U.S. brimming with confidence ahead of championship game
The U-20 American women can take a collective sigh of relief -- for the time being. After defeating a pugnacious German squad 1-0 in a closely contested 2008 FIFA World Cup semifinal, the U.S. U-20s booked a spot in the finals against reigning champion Korea DPR on Sunday, Dec. 7 (4:30 p.m. ET, ESPN2, ESPN360.com).
The match will mark the Americans' first appearance in the final of the FIFA U-20 tournament since winning the championship in 2002 when it was staged as an Under-19 event.
But the Americans also banished the dark cloud of the 2006 U-20 FIFA World Cup that was hanging over them, along with the fourth-place finish that nearly signaled an international feeding frenzy on the U.S. youth program. Although it might be a bit premature, kudos should be given to head coach Tony DiCicco, who has rebuilt the U-20 team of 2008 into a different kind of animal.
In what was arguably their best opening of the tournament, the Americans put on an impressive display of crisp, fast-paced passing, surprisingly un-American technical artistry, superb defending, and a crossbar zinger or two. Germany, to put it lightly, was completely surprised in the first half, to the effect that the team could muster only a few weak jabs at the rock-solid U.S. defense.
"It was a very difficult game," DiCicco said in a U.S. Soccer press release. "I think that if Germany would have scored than [sic] it would have probably been a very different game. I think we defended very well tonight and we've done that all tournament. I'm proud of my players because they've played a lot of games in a short amount of time, which isn't easy but I'm glad we've made it to the final. We've gotten better as the tournament has gone on and that is a testament to our players."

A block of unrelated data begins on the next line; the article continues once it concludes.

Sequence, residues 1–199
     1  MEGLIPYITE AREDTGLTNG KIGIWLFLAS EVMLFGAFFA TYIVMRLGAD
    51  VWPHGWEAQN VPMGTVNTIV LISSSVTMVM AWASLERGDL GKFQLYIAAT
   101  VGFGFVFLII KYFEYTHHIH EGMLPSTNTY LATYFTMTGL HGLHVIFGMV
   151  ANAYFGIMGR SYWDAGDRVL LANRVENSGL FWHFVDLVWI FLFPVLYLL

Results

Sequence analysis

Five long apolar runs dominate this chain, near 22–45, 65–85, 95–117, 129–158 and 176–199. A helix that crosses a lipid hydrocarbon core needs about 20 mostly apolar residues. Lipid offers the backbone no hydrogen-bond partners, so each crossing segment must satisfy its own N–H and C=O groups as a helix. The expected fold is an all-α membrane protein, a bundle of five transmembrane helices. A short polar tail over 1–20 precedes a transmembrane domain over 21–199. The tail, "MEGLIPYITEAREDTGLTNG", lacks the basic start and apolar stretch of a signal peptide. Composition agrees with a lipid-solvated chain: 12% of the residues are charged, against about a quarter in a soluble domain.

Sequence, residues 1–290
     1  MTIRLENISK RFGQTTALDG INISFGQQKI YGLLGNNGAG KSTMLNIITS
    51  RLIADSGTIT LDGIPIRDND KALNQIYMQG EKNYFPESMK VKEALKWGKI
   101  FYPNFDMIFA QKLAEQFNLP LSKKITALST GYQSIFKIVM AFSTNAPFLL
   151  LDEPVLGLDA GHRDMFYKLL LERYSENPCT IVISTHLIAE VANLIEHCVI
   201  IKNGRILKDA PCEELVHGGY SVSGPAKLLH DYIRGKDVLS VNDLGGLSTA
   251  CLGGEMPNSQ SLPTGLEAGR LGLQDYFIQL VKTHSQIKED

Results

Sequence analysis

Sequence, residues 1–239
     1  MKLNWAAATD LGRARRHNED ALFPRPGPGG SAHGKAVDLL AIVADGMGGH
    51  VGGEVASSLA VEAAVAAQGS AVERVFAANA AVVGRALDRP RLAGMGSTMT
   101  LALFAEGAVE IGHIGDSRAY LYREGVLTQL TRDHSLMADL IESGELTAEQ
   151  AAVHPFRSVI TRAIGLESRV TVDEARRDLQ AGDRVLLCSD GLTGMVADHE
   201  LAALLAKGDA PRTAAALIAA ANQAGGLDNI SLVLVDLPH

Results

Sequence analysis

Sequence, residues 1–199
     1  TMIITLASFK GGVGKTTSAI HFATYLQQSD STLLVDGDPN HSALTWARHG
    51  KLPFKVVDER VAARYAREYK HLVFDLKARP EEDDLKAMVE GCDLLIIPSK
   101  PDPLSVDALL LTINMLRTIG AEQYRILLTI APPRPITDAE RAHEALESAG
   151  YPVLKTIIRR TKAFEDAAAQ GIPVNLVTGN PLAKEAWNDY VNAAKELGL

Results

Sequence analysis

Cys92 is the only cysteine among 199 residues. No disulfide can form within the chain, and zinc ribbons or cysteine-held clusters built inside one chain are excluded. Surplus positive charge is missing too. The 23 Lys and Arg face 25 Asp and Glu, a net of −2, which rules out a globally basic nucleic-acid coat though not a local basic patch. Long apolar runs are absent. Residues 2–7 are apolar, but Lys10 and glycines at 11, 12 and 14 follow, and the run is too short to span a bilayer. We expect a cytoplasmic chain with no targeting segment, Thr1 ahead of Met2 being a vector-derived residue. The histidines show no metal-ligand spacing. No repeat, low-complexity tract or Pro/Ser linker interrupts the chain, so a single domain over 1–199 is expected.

|U.S. U-20 women's schedule|
U.S. vs. Korea DPR
Estadio Municipal de la Florida
4:30 p.m. ET, ESPN2, ESPN360.com
The U.S. managed to hang on to the early lead throughout the second half, despite Germany's resurgent offense. Thanks to good positioning by leading goal-scorer Sydney Leroux, who earned her fifth goal of the tournament, and Nikki Washington's tireless work ethic on the wing, one goal was all the Americans needed. If Washington has the kind of game she did against Germany, she will be a major thorn in North Korea's side. Her ability to take on two, sometimes three defenders at a time, while still managing to execute well-placed crosses under considerable duress, sets her apart as one of the most dangerous players on the U.S. team.
If the U.S. can keep the same tempo and efficacy in the first 20 minutes against Korea DPR, the Americans will be very difficult to shake off. However, the Yanks should be weary, as Korea DPR possesses exceptional finishing abilities -- as evident in the team's surge over France in extra time to seal a 2-1 semifinal win. Despite the fact that Korea DPR fell short statistically, accounting for only 41 percent of the possession and taking 13 shots to France's 16, the North Koreans have proved they know how to win big games.
"I know our coaches are going to have some info about North Korea but I think we're going to continue to work on the things we're good at and hopefully we'll come away with a good result," midfielder and captain Keelin Winters said in a U.S. Soccer statement. Winters will most likely have the most difficult matchup of the final over her midfield partner Becky Edwards -- she'll come up against one of Korea DPR's strongest players in the center of the park, Ri Ye Gyong. The U.S. back line should also be targeting Ri, who has four goals and two assists and was the hero responsible for the game-winning goal over France.
Interestingly, the only loss dealt to the U.S. came at the hands of China. Head coach DiCicco will have to do some extra strategizing with his young charges to prevent a similar collapse against an Asian powerhouse that plays a similar system -- but better executed.
The U-20s have the last shot at claiming the singular U.S. women's FIFA World Cup title in the current three-year cycle, after the U.S. senior team placed third in 2007, and the U-17s finished second in 2008. The USA-North Korea clash will also be a rematch of the FIFA Under-17 Women's World Cup final held three weeks ago in New Zealand, which the U-17s lost to North Korea in overtime of the championship game.
After six years in the shadows, it might just be the U-20 U.S. team's turn to shine.
Lindsey Dolich is a contributor to ESPN The Magazine and covers the U.S. women's national team for ESPNsoccernet. She can be reached at firstname.lastname@example.org.